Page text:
Happy First Dawn!

Happy First Dawn!

by Min Xiong

It’s hard to believe the year is almost over! This is the perfect opportunity to show you how to say New Year’s Day in Chinese. Here it is:

元旦 (yuán dàn).元旦

元旦 means the first day of the new year in the western calendar. It is used to refer to January 1, as opposed to the first day of the Chinese New Year, 新年 (xīn nián).

元旦 is an official holiday in China—holiday is 节 (jié)—and the whole day is called 元旦节 (yuán dàn jié).

To explain the makeup of this word, let’s start with the second character 旦 (dàn). 旦means the start of a day, or dawn. It is an ancient character, first appearing in the Shi Jing (Classic of Poetry), dating back to the 11th century B.C., around the same time as the Homeric Hymns.

Since many Chinese characters are image-based, let’s look for the hidden picture inside the character 旦. Can you see it? The upper part, 日(rì), means the sun. The lower part, 一 (yī), represents the horizon. Combined, they form a sun coming up from the horizon.

Now let’s look at the first character, 元 (yuán), which means “first,” “primary,” and also, interestingly, “dollar.” When 元 is put in front of 旦, you get the first dawn, hence, the first day of the year.

Now for your Chinese challenge. Remember the concept of compound characters from “How Do You Build Your Chinese Vocabulary?” Both 元 and 旦 can be used to create compound characters. Can you find the Chinese characters incorporating 元 and 旦 to mean “but,” “far,” and “garden?” Don’t stop there! Find some more compound characters using 元 and 旦 and post them in the comments below. Compound words are good too. We can’t wait to see what you find. 再见!

 

Study Mandarin with Min Xiong—journalist, Chinese teacher, and cultural ambassador in Washington DC. Get more of her insights at Yangguang Consulting, including why China’s capital city is called Beijing and not Peking.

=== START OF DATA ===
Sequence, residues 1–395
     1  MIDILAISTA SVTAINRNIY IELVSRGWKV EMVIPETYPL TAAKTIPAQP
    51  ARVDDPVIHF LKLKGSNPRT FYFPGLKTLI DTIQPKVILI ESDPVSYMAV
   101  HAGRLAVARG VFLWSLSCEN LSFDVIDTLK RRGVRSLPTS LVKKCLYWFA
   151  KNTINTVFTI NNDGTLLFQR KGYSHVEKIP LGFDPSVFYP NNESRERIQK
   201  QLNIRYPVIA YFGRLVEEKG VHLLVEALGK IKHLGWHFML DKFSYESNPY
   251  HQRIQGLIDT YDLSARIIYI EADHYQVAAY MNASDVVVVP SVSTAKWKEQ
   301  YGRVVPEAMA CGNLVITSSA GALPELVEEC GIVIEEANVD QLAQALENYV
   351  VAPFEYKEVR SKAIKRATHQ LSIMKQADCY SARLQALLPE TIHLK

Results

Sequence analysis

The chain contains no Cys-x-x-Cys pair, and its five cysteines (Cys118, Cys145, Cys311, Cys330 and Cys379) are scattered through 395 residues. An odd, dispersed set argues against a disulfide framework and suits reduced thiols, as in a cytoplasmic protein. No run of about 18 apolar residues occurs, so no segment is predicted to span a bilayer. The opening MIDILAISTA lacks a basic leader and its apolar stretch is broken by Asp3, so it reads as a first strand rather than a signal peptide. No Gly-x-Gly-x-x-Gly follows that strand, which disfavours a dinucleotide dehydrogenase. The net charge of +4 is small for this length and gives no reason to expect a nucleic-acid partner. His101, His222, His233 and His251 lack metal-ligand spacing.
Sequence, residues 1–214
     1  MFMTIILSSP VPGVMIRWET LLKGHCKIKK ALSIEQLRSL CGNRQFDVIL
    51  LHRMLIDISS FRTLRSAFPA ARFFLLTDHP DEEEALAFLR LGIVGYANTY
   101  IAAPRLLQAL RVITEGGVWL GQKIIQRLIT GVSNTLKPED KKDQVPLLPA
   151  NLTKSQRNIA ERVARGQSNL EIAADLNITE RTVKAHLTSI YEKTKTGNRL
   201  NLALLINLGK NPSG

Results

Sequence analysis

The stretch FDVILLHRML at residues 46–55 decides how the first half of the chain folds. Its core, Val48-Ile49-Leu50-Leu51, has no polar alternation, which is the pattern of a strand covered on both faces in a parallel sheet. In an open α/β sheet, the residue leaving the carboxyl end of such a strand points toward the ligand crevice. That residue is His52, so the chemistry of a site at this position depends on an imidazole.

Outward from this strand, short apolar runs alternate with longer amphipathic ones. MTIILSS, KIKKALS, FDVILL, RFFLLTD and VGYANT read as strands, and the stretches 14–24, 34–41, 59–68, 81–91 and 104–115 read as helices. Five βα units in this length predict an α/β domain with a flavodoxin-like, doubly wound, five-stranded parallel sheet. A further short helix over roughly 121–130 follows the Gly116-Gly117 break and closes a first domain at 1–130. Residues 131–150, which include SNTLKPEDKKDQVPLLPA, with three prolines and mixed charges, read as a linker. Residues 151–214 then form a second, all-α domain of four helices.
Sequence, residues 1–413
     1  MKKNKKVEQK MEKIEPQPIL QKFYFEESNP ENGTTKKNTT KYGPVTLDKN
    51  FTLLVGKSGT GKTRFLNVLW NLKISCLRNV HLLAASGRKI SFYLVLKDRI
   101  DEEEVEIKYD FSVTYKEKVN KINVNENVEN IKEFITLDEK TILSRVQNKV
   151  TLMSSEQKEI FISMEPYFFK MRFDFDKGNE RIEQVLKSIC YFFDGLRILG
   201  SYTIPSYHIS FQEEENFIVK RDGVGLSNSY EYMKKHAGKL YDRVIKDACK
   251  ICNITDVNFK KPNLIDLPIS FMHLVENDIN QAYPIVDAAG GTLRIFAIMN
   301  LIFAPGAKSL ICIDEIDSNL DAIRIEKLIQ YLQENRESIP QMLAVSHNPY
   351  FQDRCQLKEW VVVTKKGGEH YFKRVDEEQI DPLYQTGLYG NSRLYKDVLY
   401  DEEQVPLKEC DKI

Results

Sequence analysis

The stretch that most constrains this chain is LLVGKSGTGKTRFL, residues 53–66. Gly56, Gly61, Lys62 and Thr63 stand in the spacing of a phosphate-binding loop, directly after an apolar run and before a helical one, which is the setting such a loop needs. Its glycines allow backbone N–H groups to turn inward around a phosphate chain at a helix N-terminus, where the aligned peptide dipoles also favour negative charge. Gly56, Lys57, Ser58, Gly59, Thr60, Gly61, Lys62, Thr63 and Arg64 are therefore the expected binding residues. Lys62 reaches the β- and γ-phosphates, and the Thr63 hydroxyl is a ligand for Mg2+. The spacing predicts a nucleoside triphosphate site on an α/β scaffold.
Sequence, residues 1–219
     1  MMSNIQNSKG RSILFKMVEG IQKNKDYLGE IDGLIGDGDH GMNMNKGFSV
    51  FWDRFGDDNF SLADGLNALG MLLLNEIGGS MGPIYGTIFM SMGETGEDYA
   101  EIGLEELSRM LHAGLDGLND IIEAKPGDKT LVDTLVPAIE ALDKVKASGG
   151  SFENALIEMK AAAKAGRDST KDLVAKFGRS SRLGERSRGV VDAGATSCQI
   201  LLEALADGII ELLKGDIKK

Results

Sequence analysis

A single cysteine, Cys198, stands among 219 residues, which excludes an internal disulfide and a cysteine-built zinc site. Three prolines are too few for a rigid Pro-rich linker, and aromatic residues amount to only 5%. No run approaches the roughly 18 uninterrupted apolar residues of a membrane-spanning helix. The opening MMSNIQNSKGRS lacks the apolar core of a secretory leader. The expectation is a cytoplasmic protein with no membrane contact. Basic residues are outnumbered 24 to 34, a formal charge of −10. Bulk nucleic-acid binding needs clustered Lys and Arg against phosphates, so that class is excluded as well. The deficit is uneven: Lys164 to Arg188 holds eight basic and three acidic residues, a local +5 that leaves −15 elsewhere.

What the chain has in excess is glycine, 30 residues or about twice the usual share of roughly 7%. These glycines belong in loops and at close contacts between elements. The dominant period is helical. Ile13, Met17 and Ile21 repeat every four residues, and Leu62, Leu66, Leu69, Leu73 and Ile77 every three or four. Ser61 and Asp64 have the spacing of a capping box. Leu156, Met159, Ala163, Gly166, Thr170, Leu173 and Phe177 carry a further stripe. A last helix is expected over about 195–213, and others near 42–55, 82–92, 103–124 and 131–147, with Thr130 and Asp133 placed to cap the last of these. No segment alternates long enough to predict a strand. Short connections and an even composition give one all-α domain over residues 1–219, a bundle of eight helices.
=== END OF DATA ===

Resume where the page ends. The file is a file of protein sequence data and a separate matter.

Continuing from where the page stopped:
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5 thoughts on “Happy First Dawn!

  1. I found the compound word 元首 (yuánshǒu) head of state.

    And the compound characters 园 (yuán) “garden” and 但 (dàn) “but.”

    To get 园 (yuán) “garden,” I see that you put 元 (yuán), which means first or primary, inside 口 (kǒu), which means mouth.

    And to get 但 (dàn) “but,” I see that you add 人 (rén), which means person, to 旦 (dàn), which means day or dawn.

    I can’t really follow the logic on 园 and 旦, but it’s SO FUN building so many words with the few characters you’ve already introduced us to.

    Now, can anyone find and explain how to build “far?”

    Liked by 1 person

    1. Hi Ingrid, good job! In the case of 园, the logic is to borrow the sound of 元 and the image of 口 to make a garden and mark its pronunciation. I am not sure of the full logic behind 但, but I’m sure the right particle was used to represent the sound:)

      Like

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